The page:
Court watcher is lady in white

The Lake County woman says the color of her garb washes away sins and is the color of justice.

Published July 12, 2006

TAVARES - The woman wore white to court.

She made her way past the herd of reporters and cameras in the back of the courtroom and took a seat a few rows behind John Couey.

Jane Keck wasn't trying to make a statement.

The 71-year-old Lake County woman said she just wanted to watch.

"I'm a court watcher," she said Tuesday, fixing her white hat with a band of sequins that matched those on her handbag.

Since 1984, after she lost her job as a nursing assistant, Keck has been coming to the Lake County courthouse almost every day to watch trials.

She said she has seen a lot of cases involving crimes against children, but nothing like this.

"It's just so sad," she said.

Keck said she wears white because it washes away sins. It's the color of justice, she said.

There are many reporters, photographers and bloggers in and around the courtroom. Keck has been the only local spectator.

She said she doesn't doubt lawyers will find a fair jury in Lake County.

But even after all these years she can't predict the outcome of this case.

"Only God knows what will happen," she said, turning her eyes to Couey.

Who is Sara Anne Wood? A potential juror on Tuesday said he could not serve because the death of Jessica Lunsford is too similar to the death of a young girl he knew - and helped search for - in 1993.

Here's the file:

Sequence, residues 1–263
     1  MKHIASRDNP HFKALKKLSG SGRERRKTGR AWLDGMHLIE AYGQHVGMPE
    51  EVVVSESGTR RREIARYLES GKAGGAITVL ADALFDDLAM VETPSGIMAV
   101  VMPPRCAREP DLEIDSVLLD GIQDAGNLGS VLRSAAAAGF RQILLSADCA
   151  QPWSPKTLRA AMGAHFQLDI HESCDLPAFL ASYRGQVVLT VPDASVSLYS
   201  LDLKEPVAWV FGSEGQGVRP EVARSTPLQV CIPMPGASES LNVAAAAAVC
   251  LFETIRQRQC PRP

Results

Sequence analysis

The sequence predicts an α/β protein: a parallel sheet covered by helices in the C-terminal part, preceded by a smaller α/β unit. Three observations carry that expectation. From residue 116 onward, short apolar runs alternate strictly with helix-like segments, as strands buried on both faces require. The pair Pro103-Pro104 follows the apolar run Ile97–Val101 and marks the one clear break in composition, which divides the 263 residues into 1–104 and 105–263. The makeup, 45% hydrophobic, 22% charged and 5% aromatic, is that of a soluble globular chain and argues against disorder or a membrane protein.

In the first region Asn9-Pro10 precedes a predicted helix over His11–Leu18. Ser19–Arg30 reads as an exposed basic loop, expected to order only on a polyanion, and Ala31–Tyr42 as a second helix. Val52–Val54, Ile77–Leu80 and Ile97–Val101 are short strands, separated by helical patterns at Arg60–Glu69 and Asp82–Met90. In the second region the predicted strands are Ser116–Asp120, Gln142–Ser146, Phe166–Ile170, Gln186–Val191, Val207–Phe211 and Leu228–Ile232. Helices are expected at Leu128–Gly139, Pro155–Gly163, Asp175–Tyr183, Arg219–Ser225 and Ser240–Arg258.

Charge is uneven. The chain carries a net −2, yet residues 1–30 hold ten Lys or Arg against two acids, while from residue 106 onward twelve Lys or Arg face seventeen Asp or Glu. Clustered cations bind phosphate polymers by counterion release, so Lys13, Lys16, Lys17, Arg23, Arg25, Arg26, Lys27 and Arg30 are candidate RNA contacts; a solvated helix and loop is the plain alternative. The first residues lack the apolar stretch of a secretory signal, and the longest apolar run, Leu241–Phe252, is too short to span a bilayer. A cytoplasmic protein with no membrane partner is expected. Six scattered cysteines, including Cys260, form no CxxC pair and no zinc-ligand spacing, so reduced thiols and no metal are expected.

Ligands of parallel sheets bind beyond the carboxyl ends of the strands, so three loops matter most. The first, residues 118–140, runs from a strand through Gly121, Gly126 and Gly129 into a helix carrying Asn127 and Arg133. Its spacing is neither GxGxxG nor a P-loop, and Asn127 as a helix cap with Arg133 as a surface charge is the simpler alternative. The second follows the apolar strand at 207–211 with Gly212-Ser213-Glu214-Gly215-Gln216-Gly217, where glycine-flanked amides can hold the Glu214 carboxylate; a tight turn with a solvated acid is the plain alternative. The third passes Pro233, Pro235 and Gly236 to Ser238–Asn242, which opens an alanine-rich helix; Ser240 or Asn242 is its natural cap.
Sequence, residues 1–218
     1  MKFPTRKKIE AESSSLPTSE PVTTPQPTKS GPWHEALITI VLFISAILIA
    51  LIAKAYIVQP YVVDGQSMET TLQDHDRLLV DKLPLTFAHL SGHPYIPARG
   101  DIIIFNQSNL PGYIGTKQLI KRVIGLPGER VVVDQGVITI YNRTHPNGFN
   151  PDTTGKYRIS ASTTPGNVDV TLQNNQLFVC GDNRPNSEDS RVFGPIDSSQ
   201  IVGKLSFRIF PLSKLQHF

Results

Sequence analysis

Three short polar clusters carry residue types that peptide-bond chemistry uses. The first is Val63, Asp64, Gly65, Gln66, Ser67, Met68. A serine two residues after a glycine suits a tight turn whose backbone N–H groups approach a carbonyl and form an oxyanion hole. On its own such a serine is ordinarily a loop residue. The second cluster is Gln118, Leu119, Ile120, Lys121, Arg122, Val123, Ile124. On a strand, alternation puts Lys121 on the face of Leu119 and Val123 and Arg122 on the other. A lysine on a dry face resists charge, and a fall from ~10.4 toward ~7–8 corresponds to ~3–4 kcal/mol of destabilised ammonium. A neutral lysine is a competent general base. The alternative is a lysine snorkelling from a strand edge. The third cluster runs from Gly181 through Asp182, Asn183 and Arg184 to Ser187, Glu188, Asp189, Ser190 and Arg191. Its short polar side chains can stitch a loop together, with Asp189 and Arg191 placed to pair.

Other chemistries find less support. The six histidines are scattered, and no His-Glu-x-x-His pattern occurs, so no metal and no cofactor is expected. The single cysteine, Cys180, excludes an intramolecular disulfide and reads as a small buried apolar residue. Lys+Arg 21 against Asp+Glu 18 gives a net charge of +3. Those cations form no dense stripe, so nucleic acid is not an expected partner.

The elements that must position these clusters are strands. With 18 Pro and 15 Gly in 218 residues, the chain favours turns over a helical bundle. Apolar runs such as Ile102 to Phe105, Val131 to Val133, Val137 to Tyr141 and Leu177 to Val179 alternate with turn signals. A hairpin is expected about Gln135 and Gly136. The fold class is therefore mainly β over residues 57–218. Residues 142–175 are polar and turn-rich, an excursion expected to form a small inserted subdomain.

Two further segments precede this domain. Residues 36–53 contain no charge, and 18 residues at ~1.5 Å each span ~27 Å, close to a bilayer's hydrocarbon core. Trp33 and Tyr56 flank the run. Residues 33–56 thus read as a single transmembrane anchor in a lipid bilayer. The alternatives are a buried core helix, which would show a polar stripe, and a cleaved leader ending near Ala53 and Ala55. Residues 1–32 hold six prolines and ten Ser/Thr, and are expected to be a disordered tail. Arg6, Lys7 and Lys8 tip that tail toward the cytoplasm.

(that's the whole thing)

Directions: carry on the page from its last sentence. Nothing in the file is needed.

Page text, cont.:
Sara Anne Wood was 12. She was riding her bike home from summer Bible school just outside Utica, N.Y., but she never made it home. Her body was never recovered, according to the Standard Times, a newspaper in New Bedford, Mass.

According to the newspaper, Lewis Lent Jr., a former janitor from North Adams, Mass., was sentenced to 25 years to life for Sara's abduction and murder. Lent confessed to kidnapping Sara, taking her into the woods, striking her with a tree limb and burying her in a shallow grave, without ever checking to see if she was dead, the newspaper reported.

According to another newspaper, the Worcester Telegram and Gazette, Lent also killed 12-year-old Jimmy Bernardo of Pittsfield, Mass., and attempted to abduct a 12-year-old girl in that same town in 1994.

The potential juror, a white man, was excused.

Differing styles: On Monday, the first day of jury selection in the Couey case, the judge greeted prospective jurors with warm hellos, leaning in close to speak to them and sprinkling his remarks with "okey-dokeys."

On Tuesday, Circuit Judge Ric Howard was still his matter-of-fact, folksy self. But he also was more noticeably serious at times, particularly when taking the media to task for some missteps.

For more on that, see today's main story in the Metro & State section.

Staying focused: Jessica's father, Mark Lunsford, appeared on CNN late Monday with host Nancy Grace.

She asked him about the case. He said it should be left to the lawyers and the judge.

What residents should focus on, he said, was contacting federal lawmakers and encouraging them to approve legislation cracking down on convicted sex offenders like Couey.

Times staff writer Jim Ross contributed to this report